Bitcoin is about as divisive an investment as anything out there. On one hand, its proponents say it's the future of currency, set to break the hold that governments have over money. Its detractors, on the other hand, argue that it's not really worth anything, since its wild volatility and owners' proclivity to hoard it make it essentially useless as money. Ironically, both groups use the recent surge in its value to support their arguments. Over the past year, bitcoin has gained over 338% in value, while the Grayscale Bitcoin Trust (OTC:GBTC), a way to gain exposure to bitcoin without actually dealing with the challenges of physically owning it, is up more than 300%. 

On the Dec. 21 edition of "The Wrap" on Motley Fool Live, host Jason Hall asked Motley Fool contributors Lou Whiteman and Brian Feroldi to weigh in on bitcoin. Will the biggest and most popular cryptocurrency once again prove a better investment than stocks in 2021? Check out the video below for their predictions, and more importantly, their insight into bitcoin, including the bull and bear cases for cryptocurrencies going forward. 


Jason Hall: Buy, sell, or hold on this. Lou, you go first. Bitcoin will be a better investment than stocks in 2021.

Lou Whiteman: Yeah, as of a couple of hours ago bitcoin was up 229% year-to-date and granted it is bitcoin so that may be off but I am going to go with it. Versus the S&P 500 maybe what? 15%? Since there's no real way to use my brain to answer this question, I'm going to go with conventional wisdom and say that the one that was up 229% this year will under perform next year. Beyond that, I don't have a clue.

Jason Hall: Brian Feroldi, let's have fun with this.

Brian Feroldi: I'm going to say it's going to outperform. I don't see the stock market doing much next year, which probably means it's going to go up another 20%. If somebody owns bitcoin or wants to bet on bitcoin, I have no problem with that. I understand the rationale for doing so. I don't think that people that buy bitcoin are crazy or anything like that.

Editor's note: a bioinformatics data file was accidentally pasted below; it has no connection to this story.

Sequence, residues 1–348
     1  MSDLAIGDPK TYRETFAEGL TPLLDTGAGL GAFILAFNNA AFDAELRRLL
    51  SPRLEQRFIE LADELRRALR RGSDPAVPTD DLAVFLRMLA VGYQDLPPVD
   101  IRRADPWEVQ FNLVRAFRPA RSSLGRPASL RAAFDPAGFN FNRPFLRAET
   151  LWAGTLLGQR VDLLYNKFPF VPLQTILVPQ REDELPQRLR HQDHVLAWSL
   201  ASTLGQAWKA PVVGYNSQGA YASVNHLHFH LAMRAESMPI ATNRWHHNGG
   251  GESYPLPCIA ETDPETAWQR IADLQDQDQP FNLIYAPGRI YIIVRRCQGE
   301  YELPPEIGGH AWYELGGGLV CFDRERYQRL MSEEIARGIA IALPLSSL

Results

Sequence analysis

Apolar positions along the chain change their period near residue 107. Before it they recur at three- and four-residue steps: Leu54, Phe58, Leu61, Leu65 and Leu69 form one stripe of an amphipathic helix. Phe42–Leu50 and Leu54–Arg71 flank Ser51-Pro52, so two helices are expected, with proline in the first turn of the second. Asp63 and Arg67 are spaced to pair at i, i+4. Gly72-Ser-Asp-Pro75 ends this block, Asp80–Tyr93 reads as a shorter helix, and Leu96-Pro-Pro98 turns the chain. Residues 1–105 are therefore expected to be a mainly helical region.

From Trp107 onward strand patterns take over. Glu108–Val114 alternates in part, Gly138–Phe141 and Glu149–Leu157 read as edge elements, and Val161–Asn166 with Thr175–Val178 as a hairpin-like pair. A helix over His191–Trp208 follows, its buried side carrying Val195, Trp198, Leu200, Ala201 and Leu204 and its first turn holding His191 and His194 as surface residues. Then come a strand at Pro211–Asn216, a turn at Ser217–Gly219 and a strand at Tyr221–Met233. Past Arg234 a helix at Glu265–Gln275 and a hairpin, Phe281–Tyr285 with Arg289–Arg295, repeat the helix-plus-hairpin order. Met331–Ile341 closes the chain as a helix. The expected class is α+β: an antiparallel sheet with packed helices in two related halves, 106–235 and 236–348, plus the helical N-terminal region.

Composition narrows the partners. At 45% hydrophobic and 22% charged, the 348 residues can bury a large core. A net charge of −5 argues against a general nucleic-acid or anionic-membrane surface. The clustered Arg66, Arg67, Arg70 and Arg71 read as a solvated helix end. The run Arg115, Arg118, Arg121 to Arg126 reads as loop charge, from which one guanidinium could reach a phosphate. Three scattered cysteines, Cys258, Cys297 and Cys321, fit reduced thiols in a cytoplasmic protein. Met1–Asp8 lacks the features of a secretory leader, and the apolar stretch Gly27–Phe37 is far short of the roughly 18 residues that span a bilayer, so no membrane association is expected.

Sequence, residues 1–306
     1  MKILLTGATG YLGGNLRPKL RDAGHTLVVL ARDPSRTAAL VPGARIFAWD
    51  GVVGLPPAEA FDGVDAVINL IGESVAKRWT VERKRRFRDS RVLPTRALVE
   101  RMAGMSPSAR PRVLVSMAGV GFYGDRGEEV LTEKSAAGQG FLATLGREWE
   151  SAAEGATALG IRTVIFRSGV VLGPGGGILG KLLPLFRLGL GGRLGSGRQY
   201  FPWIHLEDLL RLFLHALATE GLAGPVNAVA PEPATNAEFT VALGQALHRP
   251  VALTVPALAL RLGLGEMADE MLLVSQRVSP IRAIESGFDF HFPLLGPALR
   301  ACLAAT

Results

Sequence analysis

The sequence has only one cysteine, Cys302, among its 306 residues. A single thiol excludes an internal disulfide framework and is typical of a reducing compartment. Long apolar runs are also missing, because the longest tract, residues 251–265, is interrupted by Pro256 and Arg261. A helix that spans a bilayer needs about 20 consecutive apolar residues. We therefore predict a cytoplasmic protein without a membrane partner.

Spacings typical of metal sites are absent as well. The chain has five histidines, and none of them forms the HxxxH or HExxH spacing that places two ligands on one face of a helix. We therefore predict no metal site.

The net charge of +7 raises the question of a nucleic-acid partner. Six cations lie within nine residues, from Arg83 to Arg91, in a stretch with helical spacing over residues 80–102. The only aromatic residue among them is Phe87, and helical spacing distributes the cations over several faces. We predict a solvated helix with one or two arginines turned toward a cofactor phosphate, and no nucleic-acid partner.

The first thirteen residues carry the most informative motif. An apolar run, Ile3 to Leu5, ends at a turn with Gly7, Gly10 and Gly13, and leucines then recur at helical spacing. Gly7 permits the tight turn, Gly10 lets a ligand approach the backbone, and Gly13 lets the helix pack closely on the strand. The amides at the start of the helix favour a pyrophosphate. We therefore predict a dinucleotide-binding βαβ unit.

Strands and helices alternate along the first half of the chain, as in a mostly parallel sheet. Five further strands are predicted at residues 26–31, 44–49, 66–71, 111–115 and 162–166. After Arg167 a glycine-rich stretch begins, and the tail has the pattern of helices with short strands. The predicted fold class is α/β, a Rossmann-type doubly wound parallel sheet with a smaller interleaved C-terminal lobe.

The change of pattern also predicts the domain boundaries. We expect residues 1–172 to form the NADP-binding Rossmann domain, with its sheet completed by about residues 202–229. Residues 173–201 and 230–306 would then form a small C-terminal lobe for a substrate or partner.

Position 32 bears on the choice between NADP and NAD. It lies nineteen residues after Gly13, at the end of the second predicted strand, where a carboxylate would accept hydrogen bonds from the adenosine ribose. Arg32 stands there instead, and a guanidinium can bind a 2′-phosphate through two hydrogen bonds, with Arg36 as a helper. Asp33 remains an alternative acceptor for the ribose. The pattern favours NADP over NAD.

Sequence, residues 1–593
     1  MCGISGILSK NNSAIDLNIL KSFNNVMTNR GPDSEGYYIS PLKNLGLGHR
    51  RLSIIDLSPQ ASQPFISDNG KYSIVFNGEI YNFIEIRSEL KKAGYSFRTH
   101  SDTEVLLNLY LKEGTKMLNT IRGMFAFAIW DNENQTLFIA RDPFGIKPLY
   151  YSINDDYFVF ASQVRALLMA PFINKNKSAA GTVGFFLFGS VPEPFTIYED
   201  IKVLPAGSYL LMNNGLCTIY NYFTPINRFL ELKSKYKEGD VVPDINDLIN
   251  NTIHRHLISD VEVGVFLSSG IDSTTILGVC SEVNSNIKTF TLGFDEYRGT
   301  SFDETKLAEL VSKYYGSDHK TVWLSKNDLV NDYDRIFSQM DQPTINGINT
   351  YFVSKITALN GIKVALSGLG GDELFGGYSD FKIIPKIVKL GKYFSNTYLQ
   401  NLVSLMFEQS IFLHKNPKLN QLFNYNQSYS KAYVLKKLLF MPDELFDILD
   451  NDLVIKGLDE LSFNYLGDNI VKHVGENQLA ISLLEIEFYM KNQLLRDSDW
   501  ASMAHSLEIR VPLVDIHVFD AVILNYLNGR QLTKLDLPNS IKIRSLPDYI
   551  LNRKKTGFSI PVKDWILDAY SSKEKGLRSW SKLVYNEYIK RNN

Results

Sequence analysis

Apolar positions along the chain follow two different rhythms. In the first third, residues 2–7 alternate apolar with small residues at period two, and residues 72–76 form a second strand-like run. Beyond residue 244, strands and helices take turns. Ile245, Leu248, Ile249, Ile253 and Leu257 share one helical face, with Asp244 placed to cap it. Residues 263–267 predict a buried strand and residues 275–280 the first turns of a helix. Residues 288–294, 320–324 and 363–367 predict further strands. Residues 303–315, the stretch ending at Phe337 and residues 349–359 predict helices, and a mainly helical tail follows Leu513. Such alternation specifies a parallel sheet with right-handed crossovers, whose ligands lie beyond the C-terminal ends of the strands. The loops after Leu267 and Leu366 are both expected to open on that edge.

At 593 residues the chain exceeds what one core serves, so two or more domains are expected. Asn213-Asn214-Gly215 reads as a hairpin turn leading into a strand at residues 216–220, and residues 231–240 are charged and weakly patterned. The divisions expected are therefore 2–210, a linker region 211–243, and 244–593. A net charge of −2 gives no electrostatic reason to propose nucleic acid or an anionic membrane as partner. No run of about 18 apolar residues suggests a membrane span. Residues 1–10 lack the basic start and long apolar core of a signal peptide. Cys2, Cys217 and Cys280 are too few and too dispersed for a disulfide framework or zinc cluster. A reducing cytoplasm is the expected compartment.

The tricky thing about bitcoin is there's no way to value it. None. It doesn't produce cash flow. It will never produce cash flow. What is the reason that it went up 200 and something percent this year? I don't know. Excitement?  What is the reason that it can't go up 200% next year? I don't know. Nothing. I will say that Tom Gardner pick this as his 100 bagger over the next decade. He said bitcoin. Because this has absolutely no track record and we're not going to get held accountable for anything. I'll say bitcoin outperforms the stock market in 2021.

Jason Hall: I am going to say I don't know. I'm going to hold on this. I really I'm. To Brian's point, this is why I don't own bitcoin.

When I look at any investment I try to think about the things that drive its value. For stocks for companies as a long term investor, its cash flow. Companies that can grow their earnings overtime and by owning that company the value that I own goes up with it over time or goes down sometimes. The problem with bitcoin is because it doesn't earn money and it's still too hard to really understand what is its utility value, it's real true mass utility value that makes it worth more than $20,000 per coin.

It's really easy to make a very viable case for it losing half its value next year or 90% of its value because at the end of the day the thing that drives it is people think it's going to go up. [LAUGHTER] That's it. It's not because it has this really great use case. I know there's a lot more nuance in that because the money printer goes brrrr, you think about all of these trillions of dollars being added to fiat currencies. The idea is this is something that there is a very limited known maximum supply of, and the number of US dollar continues to go up. That's part of the idea.